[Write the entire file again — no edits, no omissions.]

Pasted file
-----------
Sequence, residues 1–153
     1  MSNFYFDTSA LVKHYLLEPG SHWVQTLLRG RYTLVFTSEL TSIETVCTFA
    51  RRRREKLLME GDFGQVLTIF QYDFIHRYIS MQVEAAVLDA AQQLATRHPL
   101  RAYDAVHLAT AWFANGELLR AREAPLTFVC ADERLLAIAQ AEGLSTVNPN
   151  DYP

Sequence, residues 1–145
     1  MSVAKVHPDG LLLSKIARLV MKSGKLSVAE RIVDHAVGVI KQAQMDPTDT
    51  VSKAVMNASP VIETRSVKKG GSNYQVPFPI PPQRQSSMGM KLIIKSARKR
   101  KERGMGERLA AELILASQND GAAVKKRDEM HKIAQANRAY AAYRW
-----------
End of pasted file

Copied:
Sequence, residues 1–153
     1  MSNFYFDTSA LVKHYLLEPG SHWVQTLLRG RYTLVFTSEL TSIETVCTFA
    51  RRRREKLLME GDFGQVLTIF QYDFIHRYIS MQVEAAVLDA AQQLATRHPL
   101  RAYDAVHLAT AWFANGELLR AREAPLTFVC ADERLLAIAQ AEGLSTVNPN
   151  DYP

Sequence, residues 1–145
     1  MSVAKVHPDG LLLSKIARLV MKSGKLSVAE RIVDHAVGVI KQAQMDPTDT
    51  VSKAVMNASP VIETRSVKKG GSNYQVPFPI PPQRQSSMGM KLIIKSARKR
   101  KERGMGERLA AELILASQND GAAVKKRDEM HKIAQANRAY AAYRW